Army may create ‘deployment pay’ incentive, 10 percent of force is non-deployable

Sgt. Maj. of the Army Daniel Dailey answers a question during a town hall with Soldiers, family members and civilians at Fort Irwin, Calif., June 8, 2017. (Photo Credit: Sean Kimmons)

In lieu of legions of non-deployable troops and a possible need for numbers boosts by the end of the year, the US Army is considering a deployment pay system to keep soldiers deployable.

With over 100,000 soldiers currently unable to fill their position or perform the task they enlisted to perform, the Army is considering creating “deployment pay” as incentive to keep soldiers deployable.

One such person left to explain the idea is Sergeant Major of the Army Dan Dailey, the top enlisted official in the US Army, who recently spoke with Federal News Radio.

“We have to stimulate their responsibility. It’s a soldier’s responsibility to maintain deployability. They all raised their hands, including me, and swore they will defend the Constitution of the United States of America. That didn’t mean back in the U.S. That means wherever the Constitution needs to be defended. We have to encourage soldiers,” Dailey said. “We should tie all incentives to deployability. Soldiers that deploy should make more money. We should have a deployment pay and that’s something we are working on right now.”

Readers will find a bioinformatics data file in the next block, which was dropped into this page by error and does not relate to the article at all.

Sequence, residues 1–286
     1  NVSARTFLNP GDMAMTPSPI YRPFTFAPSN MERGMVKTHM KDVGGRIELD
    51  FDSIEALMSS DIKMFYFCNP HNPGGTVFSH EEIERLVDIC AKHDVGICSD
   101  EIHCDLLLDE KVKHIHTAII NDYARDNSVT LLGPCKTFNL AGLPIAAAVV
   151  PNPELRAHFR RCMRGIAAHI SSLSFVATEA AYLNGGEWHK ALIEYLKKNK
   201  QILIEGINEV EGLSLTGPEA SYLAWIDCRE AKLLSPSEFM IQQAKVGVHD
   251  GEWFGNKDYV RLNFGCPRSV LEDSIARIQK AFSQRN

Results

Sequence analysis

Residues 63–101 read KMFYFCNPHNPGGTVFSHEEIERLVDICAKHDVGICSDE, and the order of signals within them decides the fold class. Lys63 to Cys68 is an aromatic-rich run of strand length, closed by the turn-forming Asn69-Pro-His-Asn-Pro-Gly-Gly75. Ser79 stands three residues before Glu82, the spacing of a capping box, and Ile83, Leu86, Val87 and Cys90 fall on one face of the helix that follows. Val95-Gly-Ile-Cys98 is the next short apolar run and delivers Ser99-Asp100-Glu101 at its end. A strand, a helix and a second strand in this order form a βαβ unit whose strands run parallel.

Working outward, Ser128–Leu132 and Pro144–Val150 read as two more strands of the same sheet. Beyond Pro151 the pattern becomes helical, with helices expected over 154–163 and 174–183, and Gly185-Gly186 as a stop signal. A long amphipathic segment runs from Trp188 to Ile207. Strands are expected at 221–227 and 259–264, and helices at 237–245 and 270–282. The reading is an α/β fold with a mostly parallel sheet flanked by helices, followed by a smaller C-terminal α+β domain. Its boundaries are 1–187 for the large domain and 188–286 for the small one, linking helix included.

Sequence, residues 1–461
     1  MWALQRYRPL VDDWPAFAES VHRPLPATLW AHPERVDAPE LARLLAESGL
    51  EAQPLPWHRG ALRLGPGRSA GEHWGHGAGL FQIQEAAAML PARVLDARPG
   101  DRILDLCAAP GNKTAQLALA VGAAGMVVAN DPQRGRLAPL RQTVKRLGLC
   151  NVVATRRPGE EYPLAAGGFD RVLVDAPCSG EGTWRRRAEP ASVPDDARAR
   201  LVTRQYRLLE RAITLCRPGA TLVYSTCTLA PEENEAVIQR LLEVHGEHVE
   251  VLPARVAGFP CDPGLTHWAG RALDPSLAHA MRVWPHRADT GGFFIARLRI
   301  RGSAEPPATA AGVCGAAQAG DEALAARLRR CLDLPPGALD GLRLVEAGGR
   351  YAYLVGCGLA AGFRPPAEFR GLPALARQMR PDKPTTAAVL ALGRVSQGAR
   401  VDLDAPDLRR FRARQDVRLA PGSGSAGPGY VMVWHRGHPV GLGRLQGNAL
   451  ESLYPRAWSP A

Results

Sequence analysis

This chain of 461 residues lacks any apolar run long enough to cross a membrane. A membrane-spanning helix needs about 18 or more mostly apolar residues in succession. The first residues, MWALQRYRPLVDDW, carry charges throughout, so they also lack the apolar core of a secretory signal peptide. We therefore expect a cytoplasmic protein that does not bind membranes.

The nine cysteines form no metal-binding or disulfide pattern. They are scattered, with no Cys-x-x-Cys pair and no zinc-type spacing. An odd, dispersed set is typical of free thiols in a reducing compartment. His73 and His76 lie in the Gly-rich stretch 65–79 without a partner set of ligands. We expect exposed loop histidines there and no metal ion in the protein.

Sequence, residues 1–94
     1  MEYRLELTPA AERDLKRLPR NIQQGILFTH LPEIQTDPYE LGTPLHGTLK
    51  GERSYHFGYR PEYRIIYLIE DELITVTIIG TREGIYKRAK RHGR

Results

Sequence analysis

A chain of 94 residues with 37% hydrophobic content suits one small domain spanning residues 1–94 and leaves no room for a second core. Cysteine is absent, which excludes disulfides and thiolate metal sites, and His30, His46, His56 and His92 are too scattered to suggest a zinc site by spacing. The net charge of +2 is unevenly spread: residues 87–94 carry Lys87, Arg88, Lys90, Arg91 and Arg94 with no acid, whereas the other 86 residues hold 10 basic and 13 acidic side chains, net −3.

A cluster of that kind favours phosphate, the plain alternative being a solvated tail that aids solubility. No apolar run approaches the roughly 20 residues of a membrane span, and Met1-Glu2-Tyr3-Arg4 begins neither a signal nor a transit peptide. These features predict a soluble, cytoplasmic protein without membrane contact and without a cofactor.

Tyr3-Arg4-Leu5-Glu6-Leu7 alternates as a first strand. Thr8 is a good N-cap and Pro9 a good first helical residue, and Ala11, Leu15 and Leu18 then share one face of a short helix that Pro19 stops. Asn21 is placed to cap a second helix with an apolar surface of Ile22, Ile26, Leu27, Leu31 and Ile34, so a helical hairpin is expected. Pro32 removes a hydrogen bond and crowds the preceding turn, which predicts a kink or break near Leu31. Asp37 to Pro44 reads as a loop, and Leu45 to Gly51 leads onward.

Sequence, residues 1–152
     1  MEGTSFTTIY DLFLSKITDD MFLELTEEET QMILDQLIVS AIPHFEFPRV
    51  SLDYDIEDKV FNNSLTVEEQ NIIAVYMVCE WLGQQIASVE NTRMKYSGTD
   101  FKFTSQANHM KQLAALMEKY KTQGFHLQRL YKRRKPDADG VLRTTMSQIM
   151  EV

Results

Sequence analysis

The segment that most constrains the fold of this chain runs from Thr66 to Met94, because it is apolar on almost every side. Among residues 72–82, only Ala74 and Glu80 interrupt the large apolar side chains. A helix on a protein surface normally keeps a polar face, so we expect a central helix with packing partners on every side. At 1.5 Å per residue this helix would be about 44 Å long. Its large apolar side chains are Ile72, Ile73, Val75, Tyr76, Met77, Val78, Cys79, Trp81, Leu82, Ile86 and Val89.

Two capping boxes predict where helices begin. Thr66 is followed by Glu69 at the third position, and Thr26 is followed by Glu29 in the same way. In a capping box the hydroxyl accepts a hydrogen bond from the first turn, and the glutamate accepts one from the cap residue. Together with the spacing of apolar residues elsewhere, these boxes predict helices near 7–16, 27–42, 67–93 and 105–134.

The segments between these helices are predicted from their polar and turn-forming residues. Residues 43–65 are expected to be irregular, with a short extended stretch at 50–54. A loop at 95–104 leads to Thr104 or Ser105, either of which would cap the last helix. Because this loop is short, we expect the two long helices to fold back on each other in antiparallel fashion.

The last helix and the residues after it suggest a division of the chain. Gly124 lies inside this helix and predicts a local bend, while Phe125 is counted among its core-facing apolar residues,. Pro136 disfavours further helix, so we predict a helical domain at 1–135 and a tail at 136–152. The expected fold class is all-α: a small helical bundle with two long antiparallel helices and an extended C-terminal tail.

Opinions on global application of Constitutional defense notwithstanding, Dailey claims the deployment pay is a “privilege” and shows appreciation for just how much it costs the US taxpayer to keep such an Army rolling along.

“The great gifts we get from the American taxpayers should all be applied to deployability. Things like tuition assistance. You should not be able to use tuition assistance unless you are deployable. It is for a readiness requirement. It is to support our soldiers and retain our soldiers over time. It is not a right,” Dailey said.

Service members are already given extra pay for being in a combat zone (which is tax-exempt), on special assignments (such as recruiting) or maintain special skill-sets (such as jump pay or foreign languages). However, the idea of deployment pay seems- a bit “out there.”

Still, Dailey seemingly stands by the idea that “something is better than nothing,” particularly in an Army that suffers from mass numbers of non-deployable soldiers- especially with 10 percent of the service being overweight.

“If you will not or cannot fight and win, then there’s no place for you in the Army,” Dailey said. “We have to become unemotional about this. We have a job to do.”

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